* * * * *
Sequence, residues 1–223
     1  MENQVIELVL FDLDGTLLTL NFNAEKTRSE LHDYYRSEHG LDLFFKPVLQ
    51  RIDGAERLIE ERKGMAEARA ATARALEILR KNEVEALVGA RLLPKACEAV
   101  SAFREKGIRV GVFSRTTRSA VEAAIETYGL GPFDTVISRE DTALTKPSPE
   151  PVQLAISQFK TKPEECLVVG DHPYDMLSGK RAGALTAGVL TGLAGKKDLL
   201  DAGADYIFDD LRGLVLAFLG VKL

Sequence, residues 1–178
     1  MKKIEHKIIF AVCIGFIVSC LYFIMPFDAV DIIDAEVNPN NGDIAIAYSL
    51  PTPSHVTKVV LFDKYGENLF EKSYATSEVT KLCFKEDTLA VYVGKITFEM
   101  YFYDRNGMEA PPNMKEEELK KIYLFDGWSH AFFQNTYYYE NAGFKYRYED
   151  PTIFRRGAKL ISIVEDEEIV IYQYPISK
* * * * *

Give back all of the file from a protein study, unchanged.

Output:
Sequence, residues 1–223
     1  MENQVIELVL FDLDGTLLTL NFNAEKTRSE LHDYYRSEHG LDLFFKPVLQ
    51  RIDGAERLIE ERKGMAEARA ATARALEILR KNEVEALVGA RLLPKACEAV
   101  SAFREKGIRV GVFSRTTRSA VEAAIETYGL GPFDTVISRE DTALTKPSPE
   151  PVQLAISQFK TKPEECLVVG DHPYDMLSGK RAGALTAGVL TGLAGKKDLL
   201  DAGADYIFDD LRGLVLAFLG VKL

Sequence, residues 1–178
     1  MKKIEHKIIF AVCIGFIVSC LYFIMPFDAV DIIDAEVNPN NGDIAIAYSL
    51  PTPSHVTKVV LFDKYGENLF EKSYATSEVT KLCFKEDTLA VYVGKITFEM
   101  YFYDRNGMEA PPNMKEEELK KIYLFDGWSH AFFQNTYYYE NAGFKYRYED
   151  PTIFRRGAKL ISIVEDEEIV IYQYPISK